On Wednesday, Glenn Greenwald at the Guardian reported that the NSA has been collecting millions of telephone records from US customers. A top secret order required Verizon to hand over information on an “ongoing, daily basis.” Greenwald wrote that “the document shows for the first time that under the Obama administration the communication records of millions of US citizens are being collected indiscriminately and in bulk – regardless of whether they are suspected of any wrongdoing.” Under the terms of the blanket order, the numbers of both parties on a call are handed over, as is location data, call duration, unique identifiers, and the time and duration of all calls. The contents of the conversation itself are not covered.
Yesterday, Washington Post reporters Bart Gellman and Laura Poitras elaborated on how the NSA and FBI are also collecting data from nine US Internet companies to track foreign targets. According to Gellman and Poitras, “The program, code-named PRISM, has not been made public until now. It may be the first of its kind. The NSA prides itself on stealing secrets and breaking codes, and it is accustomed to corporate partnerships that help it divert data traffic or sidestep barriers.” Will we see a backlash to both types of government snooping? We’re curious to see what will happen next.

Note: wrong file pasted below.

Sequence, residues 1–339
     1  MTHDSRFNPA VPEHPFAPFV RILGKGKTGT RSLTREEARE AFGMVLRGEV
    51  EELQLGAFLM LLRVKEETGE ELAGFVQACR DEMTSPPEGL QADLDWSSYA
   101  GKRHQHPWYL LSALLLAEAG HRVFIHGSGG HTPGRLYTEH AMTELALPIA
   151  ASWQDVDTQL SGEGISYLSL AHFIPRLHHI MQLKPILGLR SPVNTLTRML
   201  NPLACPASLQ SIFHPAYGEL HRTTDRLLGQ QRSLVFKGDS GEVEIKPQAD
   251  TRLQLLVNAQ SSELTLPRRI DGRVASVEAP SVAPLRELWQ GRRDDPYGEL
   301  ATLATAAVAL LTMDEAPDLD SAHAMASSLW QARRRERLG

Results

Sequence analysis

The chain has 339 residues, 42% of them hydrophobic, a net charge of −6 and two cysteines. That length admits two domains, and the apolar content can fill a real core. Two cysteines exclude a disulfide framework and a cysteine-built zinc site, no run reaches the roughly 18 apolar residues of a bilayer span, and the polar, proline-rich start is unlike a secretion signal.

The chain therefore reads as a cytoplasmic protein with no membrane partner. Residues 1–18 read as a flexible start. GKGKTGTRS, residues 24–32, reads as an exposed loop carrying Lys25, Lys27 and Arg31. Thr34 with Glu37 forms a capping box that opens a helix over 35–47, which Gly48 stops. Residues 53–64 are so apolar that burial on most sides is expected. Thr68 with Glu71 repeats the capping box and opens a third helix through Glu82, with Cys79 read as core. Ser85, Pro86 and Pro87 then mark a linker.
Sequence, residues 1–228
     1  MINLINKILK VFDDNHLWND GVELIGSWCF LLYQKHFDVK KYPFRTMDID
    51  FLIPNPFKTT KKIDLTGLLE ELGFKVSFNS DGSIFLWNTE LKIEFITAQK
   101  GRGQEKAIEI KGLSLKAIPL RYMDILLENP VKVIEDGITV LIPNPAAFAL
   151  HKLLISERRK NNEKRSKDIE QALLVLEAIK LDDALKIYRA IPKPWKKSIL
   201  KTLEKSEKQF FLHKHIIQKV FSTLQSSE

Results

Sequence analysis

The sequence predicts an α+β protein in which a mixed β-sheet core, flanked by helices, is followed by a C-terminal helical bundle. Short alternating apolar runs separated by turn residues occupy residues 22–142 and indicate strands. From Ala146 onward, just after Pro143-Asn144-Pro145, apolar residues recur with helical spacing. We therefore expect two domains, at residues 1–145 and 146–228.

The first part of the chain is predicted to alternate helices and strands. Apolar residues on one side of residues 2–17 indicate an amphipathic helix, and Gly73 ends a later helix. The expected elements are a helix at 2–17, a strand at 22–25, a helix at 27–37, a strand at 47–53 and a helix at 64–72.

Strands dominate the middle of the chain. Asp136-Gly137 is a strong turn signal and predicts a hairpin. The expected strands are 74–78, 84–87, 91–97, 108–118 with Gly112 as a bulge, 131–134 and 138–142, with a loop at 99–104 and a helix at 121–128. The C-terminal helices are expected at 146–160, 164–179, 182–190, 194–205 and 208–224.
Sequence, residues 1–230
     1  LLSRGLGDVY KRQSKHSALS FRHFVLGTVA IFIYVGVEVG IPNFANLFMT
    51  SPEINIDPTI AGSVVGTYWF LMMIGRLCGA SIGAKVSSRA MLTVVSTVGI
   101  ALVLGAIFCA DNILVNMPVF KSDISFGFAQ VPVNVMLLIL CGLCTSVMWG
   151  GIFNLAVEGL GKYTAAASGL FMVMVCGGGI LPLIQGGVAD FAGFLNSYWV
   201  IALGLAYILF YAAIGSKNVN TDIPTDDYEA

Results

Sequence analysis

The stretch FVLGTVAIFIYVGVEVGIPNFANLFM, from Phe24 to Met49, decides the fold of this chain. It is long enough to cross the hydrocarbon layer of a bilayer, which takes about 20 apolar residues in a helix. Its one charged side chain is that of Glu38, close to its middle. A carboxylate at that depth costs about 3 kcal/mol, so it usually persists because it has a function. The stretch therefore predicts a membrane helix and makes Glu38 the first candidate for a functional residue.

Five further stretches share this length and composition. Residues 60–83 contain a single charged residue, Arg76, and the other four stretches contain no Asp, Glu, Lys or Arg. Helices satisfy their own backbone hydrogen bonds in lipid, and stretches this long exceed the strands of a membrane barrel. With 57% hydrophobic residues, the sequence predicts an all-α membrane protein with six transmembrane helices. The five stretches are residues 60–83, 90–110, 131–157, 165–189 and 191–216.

According to an article by Victoria Woollaston of the Daily Mail, a virus that steals bank details and empties money from accounts has been found on Facebook. The links are believed to be controlled by the Russian Business Network – an online criminal gang accused of stealing internet users’ identities and private information. According to the article, “The link was discovered by Feinberg and called ‘Bring the N.F.L to Los Angeles.’” The malware scans all the personal files and steals any private information such as login details, even if they aren’t stored in documents on your PC. Security experts at Kaspersky Lab also discovered five new variants of the Zeus Trojan that specifically affected BlackBerry and Android devices last year. If a malicious link is clicked via the Facebook app or mobile site on these devices, the owner may still be at risk.
Check us out at the Gartner Security and Risk Management Conference in DC next week, June 10 – 13 — Stop by booth 47 & see a live demo!
Thoughts or comments on this week’s news? Reach the Appthority team on Twitter at @Appthority.